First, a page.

There are many challenges in business that are hard. Many of the challenges facing the owners of small and medium business enterprises (SMEs) are also shared in common by the CEOs of small, under-resourced organisations. Here are some of those challenges:
There is always too much to do. Deadlines to be met, crises to be dealt with.
If it’s a new business there will be staff to recruit, systems to establish, new suppliers and customers to be found.
If you’ve bought a second-hand business or taken a CEO job in an existing organisation, it will be a bit like buying a second-hand car. As you head on down the highway, you’ll probably discover there are a few things under the hood that could do with a tune-up.
If you’re the business owner or the CEO, you won’t have a boss from whom to seek guidance about the problems that are inevitably arising. It’s lonely at the top.
On the other hand, you will be the person from whom the staff will want to seek guidance and engage with on a number of levels. If you want a happy workplace you’ll need to be both visible and engaging.
This list of challenges is exhausting, but not exhaustive. So, it’s little wonder that a recent study found that CEOs work more than 60 hours per week on average and that they work both on weekend days and when they’re officially on holiday. The work of a CEO or SME owner is relentless.
In the face of grueling schedules and challenging workloads, the biggest challenge of all is to avoid getting trapped by the daily “urgent” tasks and deadlines of the business to the exclusion of the single most important activity of CEOs and business owners – THINKING.
Because good productive thinking takes something that CEOs and SME owners lack most – TIME.
Irrespective of how successful a business is, there is always a lot to think about:
Business planning issues – strategies, goals, objectives (including tracking performance)
Monitoring the changing operating environment
Dealing with various business shocks
Improving organisational culture
How to be more effective as a CEO or business owner
Anything that’s keeping you awake at night.
Some people say that good productive thinking takes not only TIME but also SPACE. That’s why some management teams go offsite for periodic meetings or planning retreats. No matter how busy a CEO or business owner is dealing with the day-to-day operations of the business, it’s important to regularly get out of the business and put in the thought required to work effectively ON the business.
The time spent doing the hard thinking always pays dividends – more time devoted to productive thought about the business will make every other aspect of the business easier and less time-consuming.
Would you rather spend your time dealing with day-to-day crises, or avoid most of those crises by thinking about the business?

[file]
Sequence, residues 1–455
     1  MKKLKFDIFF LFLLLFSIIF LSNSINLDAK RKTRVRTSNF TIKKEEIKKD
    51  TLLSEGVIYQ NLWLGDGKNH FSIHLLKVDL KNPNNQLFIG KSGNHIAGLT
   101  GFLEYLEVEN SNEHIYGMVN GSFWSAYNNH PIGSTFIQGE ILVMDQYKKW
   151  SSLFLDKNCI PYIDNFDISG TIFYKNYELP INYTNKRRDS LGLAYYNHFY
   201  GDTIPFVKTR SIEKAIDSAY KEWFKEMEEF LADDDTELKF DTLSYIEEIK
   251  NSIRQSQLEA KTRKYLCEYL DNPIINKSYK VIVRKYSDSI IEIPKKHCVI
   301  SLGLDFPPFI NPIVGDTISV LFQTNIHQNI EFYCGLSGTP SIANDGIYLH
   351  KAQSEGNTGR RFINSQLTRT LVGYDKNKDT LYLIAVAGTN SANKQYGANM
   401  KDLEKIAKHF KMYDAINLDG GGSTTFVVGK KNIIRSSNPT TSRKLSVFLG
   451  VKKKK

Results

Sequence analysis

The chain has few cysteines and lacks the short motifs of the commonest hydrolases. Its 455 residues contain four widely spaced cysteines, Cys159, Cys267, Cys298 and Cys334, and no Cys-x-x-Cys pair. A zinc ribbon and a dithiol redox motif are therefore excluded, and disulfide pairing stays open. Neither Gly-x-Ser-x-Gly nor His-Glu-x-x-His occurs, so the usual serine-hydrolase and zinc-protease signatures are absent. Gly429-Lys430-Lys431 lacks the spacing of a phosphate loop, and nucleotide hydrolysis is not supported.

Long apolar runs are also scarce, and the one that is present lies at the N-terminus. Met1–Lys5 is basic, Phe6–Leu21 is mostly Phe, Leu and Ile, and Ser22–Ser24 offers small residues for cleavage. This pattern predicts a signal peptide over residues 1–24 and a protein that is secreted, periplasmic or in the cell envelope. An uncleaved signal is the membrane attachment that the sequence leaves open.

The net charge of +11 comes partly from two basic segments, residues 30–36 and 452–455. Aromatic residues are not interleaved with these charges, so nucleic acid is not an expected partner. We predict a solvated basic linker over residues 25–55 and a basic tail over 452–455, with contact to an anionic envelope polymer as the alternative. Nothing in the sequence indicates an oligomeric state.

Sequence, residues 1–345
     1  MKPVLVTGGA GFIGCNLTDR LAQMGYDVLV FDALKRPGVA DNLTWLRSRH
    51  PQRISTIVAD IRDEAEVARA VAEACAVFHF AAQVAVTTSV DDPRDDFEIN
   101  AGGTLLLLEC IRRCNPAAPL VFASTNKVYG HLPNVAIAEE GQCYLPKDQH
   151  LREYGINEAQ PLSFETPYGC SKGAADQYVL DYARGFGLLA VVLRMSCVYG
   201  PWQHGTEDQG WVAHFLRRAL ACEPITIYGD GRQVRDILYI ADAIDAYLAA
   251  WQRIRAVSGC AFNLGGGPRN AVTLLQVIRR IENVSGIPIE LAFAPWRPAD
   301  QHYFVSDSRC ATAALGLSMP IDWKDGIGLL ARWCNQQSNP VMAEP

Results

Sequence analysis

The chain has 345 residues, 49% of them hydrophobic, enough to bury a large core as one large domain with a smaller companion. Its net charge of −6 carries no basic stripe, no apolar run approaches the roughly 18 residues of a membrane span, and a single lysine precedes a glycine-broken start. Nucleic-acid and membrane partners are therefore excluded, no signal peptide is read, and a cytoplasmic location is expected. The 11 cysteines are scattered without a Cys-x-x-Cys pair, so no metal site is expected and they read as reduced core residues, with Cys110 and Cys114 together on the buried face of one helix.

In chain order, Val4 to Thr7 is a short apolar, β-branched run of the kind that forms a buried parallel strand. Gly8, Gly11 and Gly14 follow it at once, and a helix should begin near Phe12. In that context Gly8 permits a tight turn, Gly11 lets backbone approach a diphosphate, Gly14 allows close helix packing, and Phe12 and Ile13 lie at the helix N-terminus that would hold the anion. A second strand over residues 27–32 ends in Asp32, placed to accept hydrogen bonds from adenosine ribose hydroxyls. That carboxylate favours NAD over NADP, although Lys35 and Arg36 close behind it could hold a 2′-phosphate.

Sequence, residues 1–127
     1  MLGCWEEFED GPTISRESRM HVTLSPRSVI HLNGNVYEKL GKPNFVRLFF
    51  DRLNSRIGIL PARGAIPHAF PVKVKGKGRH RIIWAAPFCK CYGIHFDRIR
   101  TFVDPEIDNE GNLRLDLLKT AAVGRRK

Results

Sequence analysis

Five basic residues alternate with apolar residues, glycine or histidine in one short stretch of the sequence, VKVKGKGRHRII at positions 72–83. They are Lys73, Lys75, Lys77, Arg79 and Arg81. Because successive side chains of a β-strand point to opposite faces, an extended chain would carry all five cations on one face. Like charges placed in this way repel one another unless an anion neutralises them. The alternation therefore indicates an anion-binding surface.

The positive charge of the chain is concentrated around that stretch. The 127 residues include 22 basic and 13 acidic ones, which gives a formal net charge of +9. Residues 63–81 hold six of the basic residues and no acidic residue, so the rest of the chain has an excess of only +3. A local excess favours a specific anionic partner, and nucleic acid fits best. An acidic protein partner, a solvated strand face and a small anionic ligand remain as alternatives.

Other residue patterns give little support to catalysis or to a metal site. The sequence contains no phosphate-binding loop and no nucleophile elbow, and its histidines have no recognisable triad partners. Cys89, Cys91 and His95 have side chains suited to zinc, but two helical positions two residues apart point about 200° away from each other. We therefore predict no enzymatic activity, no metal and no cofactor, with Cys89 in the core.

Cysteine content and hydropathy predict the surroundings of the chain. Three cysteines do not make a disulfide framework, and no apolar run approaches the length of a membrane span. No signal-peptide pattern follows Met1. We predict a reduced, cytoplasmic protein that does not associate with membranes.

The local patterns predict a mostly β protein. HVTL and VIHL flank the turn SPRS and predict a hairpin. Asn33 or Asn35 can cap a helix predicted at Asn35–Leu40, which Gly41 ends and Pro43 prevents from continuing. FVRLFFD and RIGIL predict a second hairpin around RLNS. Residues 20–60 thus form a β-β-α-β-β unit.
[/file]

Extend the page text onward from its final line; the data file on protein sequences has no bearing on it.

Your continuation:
If you could spend more time thinking and less on the daily business grind, what are the issues that you would like to solve first?
Our business owner boards provide the environment to regularly step outside your business and do some hard thinking. Click here to find a board near you.
If you have a one-person business, then you do it by yourself. Maybe you trade securities on the exchanges that facilitate that trade, or you have a drop-shipping business and sell stuff on Amazon or Shopify. There are many examples of great one-person businesses.
But most businesses are not one-person businesses. They range in size from small businesses that involve two or three people right up to large corporations that employ hundreds or even thousands of people. And one of the most important assets that these businesses all have is their team.
Why The Team Matters
The team is the single most important factor in determining success. A dysfunctional team can destroy any enterprise, no matter what other factors that it has in its favour whereas a great team that’s focused on its goals and objectives, and works well together, will prevail even in very difficult circumstances.
So it’s well worth putting time and effort into building the best possible team that you can.
When it comes to teamwork, sports analogies are just too apt not to embrace – so think about the ALL BLACKS.
Every team has a culture and it’s better for the business owner or CEO to be proactive in fostering a positive team culture, rather than hoping that the right culture will develop organically.
Most successful businesses have a written business plan, and it’s important that’s shared with the team so that everyone can focus on achieving the business’s goals and objectives. But it’s also useful to document the characteristics of the team culture that you want to achieve and rules for how the team should interact. This will help in several ways:
The documentation task will assist in clarifying your thinking about culture.
It will provide a reference point that the whole team can use.
It will help inform staff selection.
It should be used in staff induction.
The culture needs to: